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Night vision with artificial atoms

UG Makers, part 4
15 April 2024

Through the magnifying glass, we see a thin plate covered with quantum dots:  semiconducting particles with very special properties owing to their tiny size. Professor Maria Loi uses them to ‘see’ in the dark since they can be used to make digital infrared cameras.

Quantum dots are sometimes called artificial atoms, even though they are, in fact, tiny crystal structures made up of a few thousand atoms. At this small scale, the properties of the material are governed by quantum effects. By choosing the right material and very carefully controlling the size of the quantum dots, scientists are able to play around with these effects. Loi explains: ‘By changing the size, you can obtain properties that this material does not have in nature.’

In 2023, the quantum dots were worth a Nobel Prize, and they’ve already found their way to technical applications. QLED-screens, for instance, use quantum dots to emit light of a specific colour. The larger quantum dots emit red light, and the smaller dots green.

Loi uses quantum dots to detect light: when light of a specific colour shines on the material, the dots generate an electric signal. This principle can be used to make a digital camera. In Loi’s lab, quantum dots are poured onto an electronic plate in the form of a liquid ink.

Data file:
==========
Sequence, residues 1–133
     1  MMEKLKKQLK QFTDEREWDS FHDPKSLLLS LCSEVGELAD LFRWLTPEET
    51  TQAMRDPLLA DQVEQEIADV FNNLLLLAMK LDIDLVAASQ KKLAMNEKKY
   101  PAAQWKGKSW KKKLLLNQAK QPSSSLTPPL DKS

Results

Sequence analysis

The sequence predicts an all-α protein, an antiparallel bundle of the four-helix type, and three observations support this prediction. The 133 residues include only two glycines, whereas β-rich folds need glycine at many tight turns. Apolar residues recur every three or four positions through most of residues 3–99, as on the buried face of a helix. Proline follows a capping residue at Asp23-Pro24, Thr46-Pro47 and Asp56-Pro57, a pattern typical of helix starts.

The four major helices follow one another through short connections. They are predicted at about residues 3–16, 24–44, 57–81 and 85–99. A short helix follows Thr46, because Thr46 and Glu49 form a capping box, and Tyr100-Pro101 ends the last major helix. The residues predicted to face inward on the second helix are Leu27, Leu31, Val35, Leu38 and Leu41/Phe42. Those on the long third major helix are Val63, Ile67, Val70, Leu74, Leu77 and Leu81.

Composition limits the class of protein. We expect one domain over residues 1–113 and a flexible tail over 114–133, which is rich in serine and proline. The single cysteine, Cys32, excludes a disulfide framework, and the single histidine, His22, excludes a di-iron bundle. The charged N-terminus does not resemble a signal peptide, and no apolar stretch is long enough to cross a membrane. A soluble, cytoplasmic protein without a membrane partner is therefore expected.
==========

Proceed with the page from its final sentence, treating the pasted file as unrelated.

Loi: ‘Our main result is that we can make these quantum dots inks very stable, even the larger ones. Because of their larger size, they are sensitive to infrared light.’ And this sensitivity to infrared light makes it possible for a digital camera to ‘see’ in the dark.

Text: FSE Science Newsroom | Charlotte Vlek
Photos: Reyer Boxem

Every two weeks, UG Makers puts the spotlight on a researcher who has created something tangible, ranging from homemade measuring equipment for academic research to small or larger products that can change our daily lives. That is how UG researchers contribute to the solutions for big scientific and societal challenges.
For decades, engineering teaching and research at the UG has been part of a wide array of strong disciplines, and from a national point of view, our collaboration with the four technical universities is becoming more and more intensive.

Previous portraits of Makers can be found on the overview page .

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Maria Loi

Last modified:22 April 2024 08.40 a.m.
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